This article analyzes the Soviet science-fiction film Per Aspera ad Astra [Cherez ternii k zvezdam, 1980] using the lens of sanctuary. Shot in the period of the Brezhnev Stagnation, shortly before the Chernobyl disaster, the film articulates a range of pressing ecological concerns, but displaces them from Earth and the USSR to the imaginary alien planet Dessa. In her analysis, the author focuses on the paradoxical nature of this displacement and show how the representation of Earth as an unproblematic ecological sanctuary is haunted by its own contradictions. The author also explores how this representational strategy responded to the technoscientific ethos of Soviet modernity that contributed to the destruction of natural environments in the twentieth century.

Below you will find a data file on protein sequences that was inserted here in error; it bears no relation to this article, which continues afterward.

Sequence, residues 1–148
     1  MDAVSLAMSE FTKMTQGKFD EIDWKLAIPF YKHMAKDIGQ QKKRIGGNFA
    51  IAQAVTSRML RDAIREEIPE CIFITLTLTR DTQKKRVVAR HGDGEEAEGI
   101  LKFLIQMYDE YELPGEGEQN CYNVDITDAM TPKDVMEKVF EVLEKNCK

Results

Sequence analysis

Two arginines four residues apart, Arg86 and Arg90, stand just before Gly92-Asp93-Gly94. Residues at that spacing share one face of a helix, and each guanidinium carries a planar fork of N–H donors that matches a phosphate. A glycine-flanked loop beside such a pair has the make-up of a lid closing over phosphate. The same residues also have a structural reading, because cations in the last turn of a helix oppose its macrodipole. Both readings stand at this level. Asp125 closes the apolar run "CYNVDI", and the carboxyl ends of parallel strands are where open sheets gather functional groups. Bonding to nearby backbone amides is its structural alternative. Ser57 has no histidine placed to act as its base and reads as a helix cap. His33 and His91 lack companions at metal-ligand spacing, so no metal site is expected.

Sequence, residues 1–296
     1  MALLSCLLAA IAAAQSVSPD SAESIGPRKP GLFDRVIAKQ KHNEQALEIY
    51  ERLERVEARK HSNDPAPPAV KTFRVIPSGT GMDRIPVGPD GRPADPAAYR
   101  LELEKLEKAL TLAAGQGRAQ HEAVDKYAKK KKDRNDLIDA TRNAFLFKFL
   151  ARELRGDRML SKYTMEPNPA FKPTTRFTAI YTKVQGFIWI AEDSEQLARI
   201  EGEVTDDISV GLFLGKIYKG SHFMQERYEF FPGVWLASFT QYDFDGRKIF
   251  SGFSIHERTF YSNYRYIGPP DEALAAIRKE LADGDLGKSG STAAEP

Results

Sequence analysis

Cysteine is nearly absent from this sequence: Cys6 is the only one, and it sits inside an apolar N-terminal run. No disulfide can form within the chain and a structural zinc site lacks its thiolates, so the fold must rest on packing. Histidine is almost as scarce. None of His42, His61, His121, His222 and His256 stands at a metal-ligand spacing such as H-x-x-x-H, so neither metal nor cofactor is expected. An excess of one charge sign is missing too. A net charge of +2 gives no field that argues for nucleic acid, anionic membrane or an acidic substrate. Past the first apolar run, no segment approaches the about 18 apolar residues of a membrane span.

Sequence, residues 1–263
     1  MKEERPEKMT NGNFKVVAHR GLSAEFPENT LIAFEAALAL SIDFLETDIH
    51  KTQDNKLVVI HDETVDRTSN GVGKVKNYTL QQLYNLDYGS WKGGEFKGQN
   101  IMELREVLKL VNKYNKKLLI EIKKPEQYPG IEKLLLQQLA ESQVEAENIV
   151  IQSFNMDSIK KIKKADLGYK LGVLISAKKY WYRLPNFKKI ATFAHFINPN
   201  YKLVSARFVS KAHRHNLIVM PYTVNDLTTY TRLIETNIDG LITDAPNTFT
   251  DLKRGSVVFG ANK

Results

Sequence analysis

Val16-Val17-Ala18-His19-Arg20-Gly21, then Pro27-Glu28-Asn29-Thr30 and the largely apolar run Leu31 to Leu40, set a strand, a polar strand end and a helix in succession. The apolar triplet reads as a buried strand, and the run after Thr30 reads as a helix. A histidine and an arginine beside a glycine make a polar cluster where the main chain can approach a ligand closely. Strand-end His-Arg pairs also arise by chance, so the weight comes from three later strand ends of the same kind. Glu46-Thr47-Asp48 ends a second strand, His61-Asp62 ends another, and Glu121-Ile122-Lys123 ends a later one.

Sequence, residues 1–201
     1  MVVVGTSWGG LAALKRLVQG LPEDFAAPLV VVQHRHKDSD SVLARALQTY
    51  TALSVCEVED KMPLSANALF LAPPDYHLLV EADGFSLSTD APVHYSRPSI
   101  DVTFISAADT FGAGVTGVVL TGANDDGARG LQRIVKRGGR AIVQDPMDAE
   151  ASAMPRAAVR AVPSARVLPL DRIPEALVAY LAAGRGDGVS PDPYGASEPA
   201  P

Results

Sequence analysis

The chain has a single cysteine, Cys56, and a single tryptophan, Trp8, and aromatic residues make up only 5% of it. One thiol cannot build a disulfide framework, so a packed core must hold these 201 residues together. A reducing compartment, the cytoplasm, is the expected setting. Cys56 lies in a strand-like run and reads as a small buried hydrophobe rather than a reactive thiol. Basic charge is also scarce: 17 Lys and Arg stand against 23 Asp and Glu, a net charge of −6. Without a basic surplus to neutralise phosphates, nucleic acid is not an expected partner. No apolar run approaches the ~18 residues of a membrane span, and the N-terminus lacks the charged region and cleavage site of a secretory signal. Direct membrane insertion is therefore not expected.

Publication type: Article